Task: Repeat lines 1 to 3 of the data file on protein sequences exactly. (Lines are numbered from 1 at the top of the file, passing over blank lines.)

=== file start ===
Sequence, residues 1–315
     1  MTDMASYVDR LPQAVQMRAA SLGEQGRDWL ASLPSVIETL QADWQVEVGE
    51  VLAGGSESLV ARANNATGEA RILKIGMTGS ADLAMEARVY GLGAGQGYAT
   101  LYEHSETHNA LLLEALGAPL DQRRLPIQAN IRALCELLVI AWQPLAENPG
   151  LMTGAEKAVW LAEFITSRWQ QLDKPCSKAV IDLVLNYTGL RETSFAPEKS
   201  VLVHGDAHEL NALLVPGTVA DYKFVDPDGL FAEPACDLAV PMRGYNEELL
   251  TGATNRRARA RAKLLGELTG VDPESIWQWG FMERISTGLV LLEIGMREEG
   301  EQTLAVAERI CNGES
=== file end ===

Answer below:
Sequence, residues 1–315
     1  MTDMASYVDR LPQAVQMRAA SLGEQGRDWL ASLPSVIETL QADWQVEVGE
    51  VLAGGSESLV ARANNATGEA RILKIGMTGS ADLAMEARVY GLGAGQGYAT